The present invention relates to a container filled with polyurethane foam in a compressed state to store and supply a liquid such as fuel, paint, and ink, said container having a cavity capable of uniformly storing, holding, and discharging a liquid.

The present invention also relates to a method for filling a liquid container with polyurethane foam in uniformly compressed state.

2. Description of the Prior Art

Conventional containers holding fuel or any liquid pose a problem when they are in motion during use. The problem is associated with the movement of the liquid to one end of the cavity, which changes the center of gravity of the liquid and causes sloshing. They also have a disadvantage that the discharging rate of liquid (e.g., fuel) varies depending on the amount of liquid in the cavity. To address this problem, there has been proposed a means to prevent the movement of liquid in the cavity by filling the cavity with polyurethane foam of open-cell structure. (See U.S. Pat. No. 4,771,295.)

According to the disclosed prior art technology, the cavity of a container is filled with polyurethane foam of open-cell structure, so that liquid is stored in the cells of the foam. This arrangement prevents the liquid from greatly moving in the cavity even when the container is in motion, and also permits the liquid to be discharged uniformly irrespective of the amount of liquid in the container.

However, the prior art technology still suffers from a disadvantage resulting from the fact that the cavity of a container is merely filled with as much polyurethane foam as the volume of the cavity. In other words, the foam cells in the cavity do not steadily hold the liquid but permit the liquid to move in the foam when the container is in motion. Moreover, the foam cells do not ensure the uniform discharging of the liquid.

SUMMARY OF THE INVENTION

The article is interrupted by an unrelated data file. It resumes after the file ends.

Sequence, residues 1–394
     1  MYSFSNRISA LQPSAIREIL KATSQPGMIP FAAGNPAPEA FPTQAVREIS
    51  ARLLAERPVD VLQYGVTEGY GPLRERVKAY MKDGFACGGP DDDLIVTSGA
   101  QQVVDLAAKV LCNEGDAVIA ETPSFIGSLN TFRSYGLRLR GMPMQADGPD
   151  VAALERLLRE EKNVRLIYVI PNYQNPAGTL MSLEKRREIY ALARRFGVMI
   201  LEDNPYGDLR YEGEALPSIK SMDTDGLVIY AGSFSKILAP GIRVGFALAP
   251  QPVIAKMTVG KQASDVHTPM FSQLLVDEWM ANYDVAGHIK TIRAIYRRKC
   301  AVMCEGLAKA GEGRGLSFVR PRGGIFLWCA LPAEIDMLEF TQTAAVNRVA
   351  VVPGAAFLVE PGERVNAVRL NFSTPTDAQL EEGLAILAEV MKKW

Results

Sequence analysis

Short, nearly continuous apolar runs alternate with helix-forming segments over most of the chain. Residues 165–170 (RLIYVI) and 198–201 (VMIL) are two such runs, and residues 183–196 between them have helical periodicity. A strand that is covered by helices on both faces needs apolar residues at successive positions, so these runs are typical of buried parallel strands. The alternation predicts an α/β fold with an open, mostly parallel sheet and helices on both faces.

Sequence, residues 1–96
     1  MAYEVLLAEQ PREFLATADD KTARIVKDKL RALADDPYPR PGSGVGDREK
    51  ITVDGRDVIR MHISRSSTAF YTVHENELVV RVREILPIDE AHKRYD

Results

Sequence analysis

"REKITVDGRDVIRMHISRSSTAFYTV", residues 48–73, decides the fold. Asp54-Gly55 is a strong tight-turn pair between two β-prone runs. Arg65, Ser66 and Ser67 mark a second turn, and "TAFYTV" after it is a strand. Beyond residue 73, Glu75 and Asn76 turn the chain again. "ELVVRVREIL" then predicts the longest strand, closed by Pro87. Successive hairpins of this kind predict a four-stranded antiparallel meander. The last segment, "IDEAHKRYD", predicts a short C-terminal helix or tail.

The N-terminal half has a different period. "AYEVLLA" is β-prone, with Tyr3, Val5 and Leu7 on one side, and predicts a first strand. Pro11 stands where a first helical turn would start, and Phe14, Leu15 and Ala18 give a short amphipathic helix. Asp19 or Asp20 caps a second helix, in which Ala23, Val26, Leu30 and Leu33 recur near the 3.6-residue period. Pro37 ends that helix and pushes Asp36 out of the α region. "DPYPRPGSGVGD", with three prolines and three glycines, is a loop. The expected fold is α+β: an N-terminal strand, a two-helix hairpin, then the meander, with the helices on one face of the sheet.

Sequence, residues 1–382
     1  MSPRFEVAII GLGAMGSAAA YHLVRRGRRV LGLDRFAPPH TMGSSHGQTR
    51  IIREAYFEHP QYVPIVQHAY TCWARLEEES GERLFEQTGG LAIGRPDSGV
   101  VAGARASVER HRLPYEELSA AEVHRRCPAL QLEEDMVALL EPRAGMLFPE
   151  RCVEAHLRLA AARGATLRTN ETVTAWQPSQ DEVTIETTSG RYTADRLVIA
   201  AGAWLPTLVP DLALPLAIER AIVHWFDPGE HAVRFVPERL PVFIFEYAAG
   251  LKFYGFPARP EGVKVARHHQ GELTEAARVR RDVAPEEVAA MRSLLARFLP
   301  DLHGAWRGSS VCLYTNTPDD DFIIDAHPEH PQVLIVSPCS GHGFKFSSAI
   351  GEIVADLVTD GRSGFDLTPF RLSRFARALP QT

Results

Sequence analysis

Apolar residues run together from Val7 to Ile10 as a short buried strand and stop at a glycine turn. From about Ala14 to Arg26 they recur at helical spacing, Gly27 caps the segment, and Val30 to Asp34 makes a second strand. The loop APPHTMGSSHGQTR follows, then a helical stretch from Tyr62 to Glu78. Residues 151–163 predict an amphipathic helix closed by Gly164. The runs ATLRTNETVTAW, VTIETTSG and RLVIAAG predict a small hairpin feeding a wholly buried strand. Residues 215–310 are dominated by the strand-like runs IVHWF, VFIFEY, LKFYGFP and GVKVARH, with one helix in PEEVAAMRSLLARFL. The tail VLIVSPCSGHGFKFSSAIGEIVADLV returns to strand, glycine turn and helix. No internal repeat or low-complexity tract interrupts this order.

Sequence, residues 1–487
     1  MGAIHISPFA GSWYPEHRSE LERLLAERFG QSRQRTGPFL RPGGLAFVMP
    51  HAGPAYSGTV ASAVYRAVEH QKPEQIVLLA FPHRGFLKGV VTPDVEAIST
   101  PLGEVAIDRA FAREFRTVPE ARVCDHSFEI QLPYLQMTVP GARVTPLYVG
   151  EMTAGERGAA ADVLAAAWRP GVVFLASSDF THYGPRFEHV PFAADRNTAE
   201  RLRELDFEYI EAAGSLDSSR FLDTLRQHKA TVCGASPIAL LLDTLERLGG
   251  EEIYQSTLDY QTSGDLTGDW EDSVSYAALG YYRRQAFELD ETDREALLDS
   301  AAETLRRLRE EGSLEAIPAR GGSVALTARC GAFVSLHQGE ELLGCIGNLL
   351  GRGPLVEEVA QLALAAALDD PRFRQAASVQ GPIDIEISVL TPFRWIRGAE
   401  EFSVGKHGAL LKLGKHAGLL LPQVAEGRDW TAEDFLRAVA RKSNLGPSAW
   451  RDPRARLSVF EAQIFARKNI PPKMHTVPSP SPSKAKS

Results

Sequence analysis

It is an object of the present invention to provide a polyurethane foam-filled container which stores and holds liquid uniformly in its cavity and permits liquid to be discharged uniformly.

It is another object of the present invention to provide a method for uniformly filling a container with polyurethane foam.

The present invention is embodied in a polyurethane foam-filled container of the type wherein the cavity is filled with polyurethane foam of open-cell structure, characterized in that the foam is filled in the compressed state and the compression is effected in the direction of the minor axis of the unit cell constituting the foam.

The polyurethane foam used in the present invention is flexible polyurethane foam, which may vary in physical properties, cell size, and compression ratio depending on the kind of the liquid to be held in the container.

According to the present invention, the polyurethane foam should have a cell number of 20 to 100/inch, preferably 30 to 60/inch, a density of 0.010 to 0.070 g/cm3, preferably 0.020 to 0.040 g/cm3, a void volume of 93 to 99%, preferably 96 to 98%. The foam compression ratio should be 1/1 to 1/10, preferably 1/2 to 1/10, more preferably 1/2 to 1/5.

If the cell number is lower than 50/inch, the foam compression ratio should be 1/2 to 1/10. If the cell number is higher than 50/inch, the foam compression ratio should be 1/1 to 1/5, preferably 1/2 to 1/5.

The polyurethane foam specified above may have cell membrane unremoved. However, polyurethane foam of open cell structure with no cell membranes is preferable. The open-cell polyurethane foam (or reticulated polyurethane foam) with no cell membranes can be obtained by any known method, including the dipping of foam in an aqueous alkaline solution or the breaking of cell membranes by explosion.